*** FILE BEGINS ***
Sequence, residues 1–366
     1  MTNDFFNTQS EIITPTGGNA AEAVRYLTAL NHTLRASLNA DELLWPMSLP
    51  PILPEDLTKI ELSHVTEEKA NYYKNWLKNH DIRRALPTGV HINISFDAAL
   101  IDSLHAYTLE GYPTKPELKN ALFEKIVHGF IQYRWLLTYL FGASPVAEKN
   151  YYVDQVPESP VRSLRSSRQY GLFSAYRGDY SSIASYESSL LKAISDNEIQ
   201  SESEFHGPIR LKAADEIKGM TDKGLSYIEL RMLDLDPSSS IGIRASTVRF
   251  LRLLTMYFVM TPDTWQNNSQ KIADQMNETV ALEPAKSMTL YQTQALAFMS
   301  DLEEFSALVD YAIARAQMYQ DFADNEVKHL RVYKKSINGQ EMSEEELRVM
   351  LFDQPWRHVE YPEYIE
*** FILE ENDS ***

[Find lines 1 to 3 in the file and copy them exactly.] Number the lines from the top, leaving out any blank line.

Sequence, residues 1–366
     1  MTNDFFNTQS EIITPTGGNA AEAVRYLTAL NHTLRASLNA DELLWPMSLP
    51  PILPEDLTKI ELSHVTEEKA NYYKNWLKNH DIRRALPTGV HINISFDAAL